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I really like the idea that cartopy can automatically plot in different map projections. However, I couldn't figure out how to do with the Iris cubes. As its a sister project, I expected that I might be able to. Is it possible to do something like this?

import iris as I
import cartopy.crs as ccrs
import matplotlib.pyplot as plt

someCube = I.load('someCube.pp')
ax = plt.axes(projection=ccrs.Robinson())
I.plot.contourf(someCube, transform=ccrs.Robinson())
plt.show()

thanks

share|improve this question
    
please accept my answer if it solved the question. It'll mean that the question doesn't appear in the "unanswered" category for the python-iris tag and help us find questions which still need looking at. Thanks! – pelson Sep 3 '13 at 20:32
up vote 3 down vote accepted

I took your pseudo code and made it runnable with Iris' sample data:

import iris
import iris.plot as iplt
import cartopy.crs as ccrs
import matplotlib.pyplot as plt


fname = iris.sample_data_path('air_temp.pp')
air_temp = iris.load_cube(fname)

ax = plt.axes(projection=ccrs.Robinson())
iplt.contourf(air_temp, transform=ccrs.Robinson(central_longitude=180))
ax.coastlines()

plt.show()

If you run this code, you will get an exception along the lines of:

Traceback (most recent call last):
  File "using_custom_projections.py", line 11, in <module>
    iris.plot.contourf(air_temp, transform=ccrs.Robinson())
  File "lib/iris/plot.py", line 452, in contourf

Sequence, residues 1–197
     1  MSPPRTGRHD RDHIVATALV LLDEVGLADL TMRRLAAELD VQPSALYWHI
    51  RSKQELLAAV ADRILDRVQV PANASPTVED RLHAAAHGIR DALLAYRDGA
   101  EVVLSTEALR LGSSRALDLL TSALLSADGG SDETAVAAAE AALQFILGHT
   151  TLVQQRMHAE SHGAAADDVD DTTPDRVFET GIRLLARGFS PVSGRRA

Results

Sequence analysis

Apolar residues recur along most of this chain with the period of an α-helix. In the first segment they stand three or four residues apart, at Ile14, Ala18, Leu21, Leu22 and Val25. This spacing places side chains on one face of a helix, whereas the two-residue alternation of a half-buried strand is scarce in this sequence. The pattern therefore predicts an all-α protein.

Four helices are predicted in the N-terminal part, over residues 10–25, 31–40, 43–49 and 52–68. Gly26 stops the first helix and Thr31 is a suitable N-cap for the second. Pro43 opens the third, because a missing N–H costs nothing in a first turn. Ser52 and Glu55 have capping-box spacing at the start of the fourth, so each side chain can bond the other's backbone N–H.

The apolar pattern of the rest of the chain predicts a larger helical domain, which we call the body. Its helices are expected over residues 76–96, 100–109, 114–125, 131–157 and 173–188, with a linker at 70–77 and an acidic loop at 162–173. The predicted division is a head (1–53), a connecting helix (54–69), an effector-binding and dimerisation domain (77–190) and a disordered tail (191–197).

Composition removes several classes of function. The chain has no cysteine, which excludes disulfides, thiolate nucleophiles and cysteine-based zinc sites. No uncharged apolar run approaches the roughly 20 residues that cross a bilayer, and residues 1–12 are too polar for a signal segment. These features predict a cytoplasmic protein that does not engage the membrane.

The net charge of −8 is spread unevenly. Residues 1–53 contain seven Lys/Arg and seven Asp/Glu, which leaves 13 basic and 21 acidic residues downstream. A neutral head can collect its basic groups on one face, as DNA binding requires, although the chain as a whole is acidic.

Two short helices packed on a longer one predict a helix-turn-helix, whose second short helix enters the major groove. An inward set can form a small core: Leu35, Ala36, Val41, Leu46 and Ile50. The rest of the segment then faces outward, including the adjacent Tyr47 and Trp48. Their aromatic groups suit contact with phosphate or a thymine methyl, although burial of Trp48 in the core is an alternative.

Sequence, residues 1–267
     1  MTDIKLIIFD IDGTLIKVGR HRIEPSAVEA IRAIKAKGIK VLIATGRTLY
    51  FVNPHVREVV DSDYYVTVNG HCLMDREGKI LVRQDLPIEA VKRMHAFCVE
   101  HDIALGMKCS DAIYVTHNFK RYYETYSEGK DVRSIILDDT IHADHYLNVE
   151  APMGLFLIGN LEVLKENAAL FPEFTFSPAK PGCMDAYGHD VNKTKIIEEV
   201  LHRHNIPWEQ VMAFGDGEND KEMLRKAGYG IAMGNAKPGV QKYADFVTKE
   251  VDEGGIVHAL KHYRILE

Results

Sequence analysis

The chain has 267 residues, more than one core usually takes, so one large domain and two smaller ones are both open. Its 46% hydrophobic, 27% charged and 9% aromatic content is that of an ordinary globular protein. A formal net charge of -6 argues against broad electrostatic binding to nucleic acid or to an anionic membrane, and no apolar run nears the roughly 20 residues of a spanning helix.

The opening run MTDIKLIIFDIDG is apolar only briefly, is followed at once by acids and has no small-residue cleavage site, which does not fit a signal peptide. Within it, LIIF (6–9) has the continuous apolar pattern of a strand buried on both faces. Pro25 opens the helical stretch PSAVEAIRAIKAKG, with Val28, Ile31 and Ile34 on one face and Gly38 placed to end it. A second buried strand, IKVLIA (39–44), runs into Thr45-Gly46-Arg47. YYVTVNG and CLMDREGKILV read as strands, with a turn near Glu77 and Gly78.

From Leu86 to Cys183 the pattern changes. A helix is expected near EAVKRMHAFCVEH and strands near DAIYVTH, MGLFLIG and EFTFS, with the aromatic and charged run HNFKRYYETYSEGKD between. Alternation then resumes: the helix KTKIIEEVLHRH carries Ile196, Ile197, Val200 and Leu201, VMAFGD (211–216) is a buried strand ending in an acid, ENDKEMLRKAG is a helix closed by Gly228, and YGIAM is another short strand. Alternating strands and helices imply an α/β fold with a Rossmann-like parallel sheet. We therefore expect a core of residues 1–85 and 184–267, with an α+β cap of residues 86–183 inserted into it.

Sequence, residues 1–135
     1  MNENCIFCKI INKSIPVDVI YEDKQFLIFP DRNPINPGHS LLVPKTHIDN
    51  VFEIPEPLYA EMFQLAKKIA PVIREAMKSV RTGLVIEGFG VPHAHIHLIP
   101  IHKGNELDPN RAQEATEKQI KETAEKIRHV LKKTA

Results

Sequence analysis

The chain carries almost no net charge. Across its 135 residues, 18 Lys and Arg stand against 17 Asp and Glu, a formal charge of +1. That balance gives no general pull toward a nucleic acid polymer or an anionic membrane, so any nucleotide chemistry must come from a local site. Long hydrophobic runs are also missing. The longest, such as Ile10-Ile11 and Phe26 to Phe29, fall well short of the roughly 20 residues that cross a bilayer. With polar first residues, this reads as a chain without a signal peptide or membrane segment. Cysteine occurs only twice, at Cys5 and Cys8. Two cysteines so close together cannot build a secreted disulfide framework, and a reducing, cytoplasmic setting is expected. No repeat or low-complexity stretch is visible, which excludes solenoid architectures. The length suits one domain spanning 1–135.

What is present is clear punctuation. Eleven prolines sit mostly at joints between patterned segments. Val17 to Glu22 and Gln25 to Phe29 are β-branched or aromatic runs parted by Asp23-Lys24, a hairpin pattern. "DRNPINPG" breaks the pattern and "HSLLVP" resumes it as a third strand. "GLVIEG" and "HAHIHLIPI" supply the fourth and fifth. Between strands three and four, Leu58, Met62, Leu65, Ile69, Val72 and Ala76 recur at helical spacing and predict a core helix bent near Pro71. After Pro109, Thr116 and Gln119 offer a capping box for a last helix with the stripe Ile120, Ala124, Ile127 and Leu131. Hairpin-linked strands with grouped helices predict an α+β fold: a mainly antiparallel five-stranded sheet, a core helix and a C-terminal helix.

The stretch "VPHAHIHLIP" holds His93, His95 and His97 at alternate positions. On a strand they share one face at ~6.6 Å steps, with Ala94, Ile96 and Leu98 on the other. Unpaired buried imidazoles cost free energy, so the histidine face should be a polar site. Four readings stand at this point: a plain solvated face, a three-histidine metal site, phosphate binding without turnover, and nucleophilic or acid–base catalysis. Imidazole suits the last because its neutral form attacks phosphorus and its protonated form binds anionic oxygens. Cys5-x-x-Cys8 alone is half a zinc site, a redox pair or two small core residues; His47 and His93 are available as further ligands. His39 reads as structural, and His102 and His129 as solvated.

result = _draw_2d_from_points('contourf', None, cube, *args, **kwargs)
  File "lib/iris/plot.py", line 263, in _draw_2d_from_points
    result = _map_common(draw_method_name, arg_func, iris.coords.POINT_MODE, cube, data, *args, **kwargs)
  File "lib/iris/plot.py", line 406, in _map_common
    assert 'transform' not in kwargs, 'Transform keyword is not allowed.'
AssertionError: Transform keyword is not allowed.

Which is trying to tell you that you do not need to tell it which "transform" (or coordinate system) the cube is in. The reason for that is that an Iris cube should contain full metadata about the underlying data: the coordinate systems is part of that metadata.

So, to get the example to work, you can simply remove the transform keyword argument in your contourf call:

import iris
import iris.plot as iplt
import cartopy.crs as ccrs
import matplotlib.pyplot as plt


fname = iris.sample_data_path('air_temp.pp')
air_temp = iris.load_cube(fname)

ax = plt.axes(projection=ccrs.Robinson(central_longitude=180))
iplt.contourf(air_temp)
ax.coastlines()

plt.show()

contoured result

There is a similar example in the iris gallery, specifically http://scitools.org.uk/iris/docs/latest/examples/graphics/rotated_pole_mapping.html#rotated-pole-mapping-03 (the very last plot in the example).

HTH,

share|improve this answer
    
A great - thanks very much – nrob Dec 10 '12 at 9:56
    
Thanks for the update @user1862785. If this answered your question, would you mind "accepting" this answer by clicking on the tick below the voting buttons on the left of this answer - it means we can keep track of "unanswered" questions more easily. Thanks – pelson Dec 13 '12 at 8:43

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